Trump expected to pick former Fox News anchor as next UN ambassador

In this Aug. 9, 2017, file photo, State Department spokeswoman Heather Nauert speaks during a briefing at the State Department in Washington. (AP)
Updated 07 December 2018
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Trump expected to pick former Fox News anchor as next UN ambassador

  • Nauert was a reporter for Fox News Channel before she became State Department spokeswoman under former secretary Rex Tillerson

WASHINGTON: President Donald Trump is expected to nominate State Department spokeswoman Heather Nauert to be the next US ambassador to the United Nations.
Two administration officials confirmed Trump’s plans. A Republican congressional aide said the president was expected to announce his decision by tweet on Friday morning. The officials were not authorized to speak publicly before Trump’s announcement.
Trump has previously said Nauert was under serious consideration to replace Nikki Haley, who announced in October that she would step down at the end of this year.
Trump has been known to change course on staffing decisions in the past.
Nauert was a reporter for Fox News Channel before she became State Department spokeswoman under former secretary Rex Tillerson.


Japan probe seems to have landed on asteroid: space agency

Updated 5 min 31 sec ago
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Japan probe seems to have landed on asteroid: space agency

TOKYO: A Japanese probe that aims to examine a distant asteroid for clues about the origin of the solar system appears to have landed successfully Friday, the Japan Aerospace Exploration Agency (JAXA said.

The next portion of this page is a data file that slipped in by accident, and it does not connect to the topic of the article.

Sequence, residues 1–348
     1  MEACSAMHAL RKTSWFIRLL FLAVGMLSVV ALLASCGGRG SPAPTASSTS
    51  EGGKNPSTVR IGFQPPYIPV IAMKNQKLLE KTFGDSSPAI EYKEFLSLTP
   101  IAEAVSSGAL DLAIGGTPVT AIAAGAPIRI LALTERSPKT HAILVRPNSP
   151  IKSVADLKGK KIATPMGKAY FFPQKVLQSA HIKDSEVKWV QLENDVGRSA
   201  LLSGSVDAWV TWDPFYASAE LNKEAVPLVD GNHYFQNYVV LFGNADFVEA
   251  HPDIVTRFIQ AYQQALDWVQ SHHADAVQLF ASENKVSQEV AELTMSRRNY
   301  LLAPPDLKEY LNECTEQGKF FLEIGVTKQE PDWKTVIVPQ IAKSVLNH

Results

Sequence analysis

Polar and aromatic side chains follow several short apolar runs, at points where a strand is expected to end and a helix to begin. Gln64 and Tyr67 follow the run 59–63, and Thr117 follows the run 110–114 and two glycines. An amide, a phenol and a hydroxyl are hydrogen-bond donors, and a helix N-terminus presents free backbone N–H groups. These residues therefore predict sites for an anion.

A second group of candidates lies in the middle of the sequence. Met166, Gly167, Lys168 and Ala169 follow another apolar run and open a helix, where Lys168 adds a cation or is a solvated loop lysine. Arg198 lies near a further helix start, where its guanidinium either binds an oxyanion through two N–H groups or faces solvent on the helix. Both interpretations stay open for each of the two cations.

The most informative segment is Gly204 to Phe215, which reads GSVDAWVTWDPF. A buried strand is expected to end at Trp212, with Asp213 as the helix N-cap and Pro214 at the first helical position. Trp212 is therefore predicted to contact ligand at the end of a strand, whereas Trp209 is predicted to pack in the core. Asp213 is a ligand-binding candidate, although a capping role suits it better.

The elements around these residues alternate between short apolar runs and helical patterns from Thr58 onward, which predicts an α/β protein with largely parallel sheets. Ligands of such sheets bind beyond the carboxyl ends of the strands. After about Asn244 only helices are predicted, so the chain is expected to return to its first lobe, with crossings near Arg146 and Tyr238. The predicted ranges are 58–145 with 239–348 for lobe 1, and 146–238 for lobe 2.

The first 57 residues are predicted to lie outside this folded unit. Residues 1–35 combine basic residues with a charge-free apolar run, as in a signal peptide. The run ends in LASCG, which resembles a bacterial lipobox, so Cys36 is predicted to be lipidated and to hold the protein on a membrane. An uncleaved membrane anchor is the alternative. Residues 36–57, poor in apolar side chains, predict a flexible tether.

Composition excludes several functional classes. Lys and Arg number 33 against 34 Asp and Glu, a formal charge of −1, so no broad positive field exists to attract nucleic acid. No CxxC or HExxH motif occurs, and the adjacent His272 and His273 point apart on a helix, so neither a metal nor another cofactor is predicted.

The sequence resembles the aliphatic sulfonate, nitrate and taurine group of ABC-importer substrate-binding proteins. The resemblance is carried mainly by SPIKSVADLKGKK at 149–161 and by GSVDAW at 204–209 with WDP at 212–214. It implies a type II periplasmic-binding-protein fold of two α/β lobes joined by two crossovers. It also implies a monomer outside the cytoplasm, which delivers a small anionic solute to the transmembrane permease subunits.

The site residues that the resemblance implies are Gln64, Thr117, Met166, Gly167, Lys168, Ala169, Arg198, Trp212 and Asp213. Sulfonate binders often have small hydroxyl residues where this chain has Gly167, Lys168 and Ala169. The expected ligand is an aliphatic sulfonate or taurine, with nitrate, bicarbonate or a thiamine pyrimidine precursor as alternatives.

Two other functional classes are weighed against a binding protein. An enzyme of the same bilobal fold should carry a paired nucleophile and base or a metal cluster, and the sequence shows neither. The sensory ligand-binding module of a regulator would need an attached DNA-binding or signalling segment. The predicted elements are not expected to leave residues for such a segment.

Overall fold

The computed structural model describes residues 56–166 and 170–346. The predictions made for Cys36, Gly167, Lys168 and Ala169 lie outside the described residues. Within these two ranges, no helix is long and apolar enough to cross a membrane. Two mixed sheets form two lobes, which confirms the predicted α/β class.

“We confirmed data communication with the probe recovered after the touchdown, and it seems that touchdown was successful, but we have to analyze various data that we are receiving step by step... before the final confirmation,” JAXA spokeswoman Chizato Ikuta told AFP.
Such confirmation is expected in a few hours given the distance between the probe and Earth.
A live webcast of the control room showed dozens of JAXA staff members nervously monitoring data ahead of the touchdown before exploding into applause after receiving a signal from the probe, Hayabusa2, that it had landed.
Another JAXA spokeswoman, Azusa Yabe, said they had received data showing a change of speed and direction — that the probe had changed from descending to rising back toward its orbiting position.
This indicates a successful landing but the agency still needs to check various other parts of the probe to be able to confirm.
The probe is scheduled to fire a “bullet” into the asteroid’s surface to stir up surface matter, which the probe will then collect for analysis back on Earth.
The asteroid is thought to contain relatively large amounts of organic matter and water from some 4.6 billion years ago when the solar system was born.
Scientists hope the samples may provide answers to some fundamental questions about life and the universe, including whether elements from space helped give rise to life on Earth.